U.S. Energy Information Administration logo

Today in Energy

February 11, 2020

About 13% of U.S. electricity generating capacity can switch between natural gas and oil

currently operating natural gas and oil fuel switchable capacity by state
Source: U.S. Energy Information Administration, Annual Electric Generator Report

In 2018, 138 gigawatts (GW), or 13%, of the total operating electric generating capacity within the United States is made up of generators capable of switching between natural gas and petroleum liquid fuels, according to the U.S. Energy Information Administration’s (EIA) most recent annual survey of electric generators. Fuel switching refers to a generator’s ability to completely but temporarily replace one generation fuel source with another.

The ability to switch fuels is functionally beneficial for a generator because it allows the generators to use a less expensive fuel, reducing operating costs and improving its competitiveness. During extreme cold weather events or other supply disruptions, residential and commercial customers may use local natural gas supplies to meet increased heating demand, resulting in higher fuel prices or curtailed service for electricity generators.

For most fuel-switching generators in the United States, the primary energy source is natural gas and the secondary fuel is distillate fuel oil or residual fuel oil. Other secondary fuels include kerosene, jet fuel, and waste oil.

Most fuel-switching applications are natural gas combined-cycle systems (48 GW) or natural gas combustion turbines (57 GW) that were built after 1990 and are more likely to switch to distillate fuel. Fuel-switching applications that use natural gas steam turbine technology (33 GW) were mostly built before the 1980s and tend to use residual fuel as their secondary source.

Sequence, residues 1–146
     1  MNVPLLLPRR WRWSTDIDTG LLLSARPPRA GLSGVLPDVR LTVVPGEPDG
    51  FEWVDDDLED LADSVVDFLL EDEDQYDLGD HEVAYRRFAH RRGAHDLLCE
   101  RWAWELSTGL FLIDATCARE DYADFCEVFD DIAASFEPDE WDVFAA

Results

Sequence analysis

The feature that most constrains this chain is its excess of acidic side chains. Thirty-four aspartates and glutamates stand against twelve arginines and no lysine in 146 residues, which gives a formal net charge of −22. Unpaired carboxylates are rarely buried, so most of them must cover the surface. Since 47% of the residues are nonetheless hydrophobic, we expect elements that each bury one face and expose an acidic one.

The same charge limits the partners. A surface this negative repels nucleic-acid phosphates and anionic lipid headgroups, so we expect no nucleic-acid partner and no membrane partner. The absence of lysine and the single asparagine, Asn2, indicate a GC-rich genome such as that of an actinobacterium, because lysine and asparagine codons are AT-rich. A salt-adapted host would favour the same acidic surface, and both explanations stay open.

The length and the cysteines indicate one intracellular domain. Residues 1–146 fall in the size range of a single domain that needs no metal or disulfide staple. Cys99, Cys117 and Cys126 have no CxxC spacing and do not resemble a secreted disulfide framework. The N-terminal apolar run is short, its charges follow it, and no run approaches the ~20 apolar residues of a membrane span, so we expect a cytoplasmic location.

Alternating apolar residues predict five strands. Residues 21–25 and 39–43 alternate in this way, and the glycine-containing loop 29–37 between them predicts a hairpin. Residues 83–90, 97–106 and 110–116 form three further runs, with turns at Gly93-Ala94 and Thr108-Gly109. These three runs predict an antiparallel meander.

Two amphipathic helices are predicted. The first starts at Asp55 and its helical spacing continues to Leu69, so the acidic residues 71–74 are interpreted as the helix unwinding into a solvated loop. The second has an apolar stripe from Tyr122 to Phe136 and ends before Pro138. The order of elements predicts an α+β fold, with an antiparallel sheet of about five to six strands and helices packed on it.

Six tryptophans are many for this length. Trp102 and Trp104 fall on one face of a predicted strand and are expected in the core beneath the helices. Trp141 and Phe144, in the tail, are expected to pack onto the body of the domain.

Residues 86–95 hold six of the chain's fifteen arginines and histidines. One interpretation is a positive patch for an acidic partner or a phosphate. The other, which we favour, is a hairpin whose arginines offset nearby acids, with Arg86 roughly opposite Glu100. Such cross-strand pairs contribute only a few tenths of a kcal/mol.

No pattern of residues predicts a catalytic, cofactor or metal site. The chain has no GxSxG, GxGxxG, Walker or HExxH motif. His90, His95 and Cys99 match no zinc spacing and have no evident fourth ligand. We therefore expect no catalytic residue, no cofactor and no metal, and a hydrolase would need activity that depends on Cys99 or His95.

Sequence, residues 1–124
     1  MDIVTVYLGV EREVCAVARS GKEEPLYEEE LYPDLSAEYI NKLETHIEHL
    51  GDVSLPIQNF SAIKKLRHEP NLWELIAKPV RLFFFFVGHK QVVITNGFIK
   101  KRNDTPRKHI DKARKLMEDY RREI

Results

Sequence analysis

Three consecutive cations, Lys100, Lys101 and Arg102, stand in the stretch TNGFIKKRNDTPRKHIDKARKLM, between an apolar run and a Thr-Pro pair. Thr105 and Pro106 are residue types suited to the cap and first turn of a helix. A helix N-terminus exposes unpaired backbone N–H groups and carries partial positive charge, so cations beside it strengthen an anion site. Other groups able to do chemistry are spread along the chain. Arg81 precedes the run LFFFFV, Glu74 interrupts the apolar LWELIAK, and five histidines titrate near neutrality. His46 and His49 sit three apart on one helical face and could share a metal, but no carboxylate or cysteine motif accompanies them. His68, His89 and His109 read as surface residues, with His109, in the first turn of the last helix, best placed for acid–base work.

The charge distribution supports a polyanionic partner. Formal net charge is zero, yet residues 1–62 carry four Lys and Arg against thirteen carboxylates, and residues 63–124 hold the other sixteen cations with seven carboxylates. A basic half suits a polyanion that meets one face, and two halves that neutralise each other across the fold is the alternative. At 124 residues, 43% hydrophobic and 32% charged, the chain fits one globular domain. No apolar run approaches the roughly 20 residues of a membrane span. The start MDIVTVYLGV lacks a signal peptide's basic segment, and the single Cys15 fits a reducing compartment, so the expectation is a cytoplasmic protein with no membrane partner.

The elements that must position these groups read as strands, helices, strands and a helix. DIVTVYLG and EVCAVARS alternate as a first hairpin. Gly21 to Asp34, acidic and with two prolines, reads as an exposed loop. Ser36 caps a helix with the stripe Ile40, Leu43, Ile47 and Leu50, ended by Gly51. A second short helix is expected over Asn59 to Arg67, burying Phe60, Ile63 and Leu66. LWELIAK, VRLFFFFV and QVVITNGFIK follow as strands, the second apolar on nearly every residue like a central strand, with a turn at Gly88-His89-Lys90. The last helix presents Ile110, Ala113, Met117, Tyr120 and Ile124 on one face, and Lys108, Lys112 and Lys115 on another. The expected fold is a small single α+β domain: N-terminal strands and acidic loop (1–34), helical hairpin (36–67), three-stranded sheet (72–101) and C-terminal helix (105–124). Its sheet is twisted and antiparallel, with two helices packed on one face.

operational year of natural gas and oil fuel switchable capacity
Source: U.S. Energy Information Administration, Annual Electric Generator Report

Most fuel-switching generating capacity in the United States is located in states along the East Coast. Florida has the most fuel-switching capacity: the state’s 27 GW of fuel-switching capacity accounts for 47% of the state’s total capacity.

Most of Florida’s fuel-switching capacity is within the Florida Power & Light balancing authority. West County Energy Center, which has three natural gas-fired combined-cycle blocks that total 3.7 GW, is the nation’s largest power plant capable of switching fuels. Florida’s peninsular geography may contribute to natural gas delivery constraints if pipelines are filled to capacity or disrupted.

Extreme weather events such as the 2018 bomb cyclone and the 2014 polar vortex have demonstrated the importance of fuel switching in maintaining electricity reliability in the Northeast. The New York Independent System Operator (NYISO) has 16.3 GW of capacity that are capable of switching fuels, including the 2.3 GW Ravenswood facility, the nation’s second-largest fuel-switching facility.

The New England Independent System Operator (ISO-NE) has a natural gas and petroleum fuel-switching capacity of 8.3 GW. ISO-NE’s fuel-switching capacity is important because of its location at the end of several natural gas pipeline networks and because of the region’s competing demand for natural gas as a heating fuel in the residential and commercial sectors.

currently operating natural gas and oil fuel switchable capacity by balancing authority
Source: U.S. Energy Information Administration, Annual Electric Generator Report

Principal contributor: Ray Chen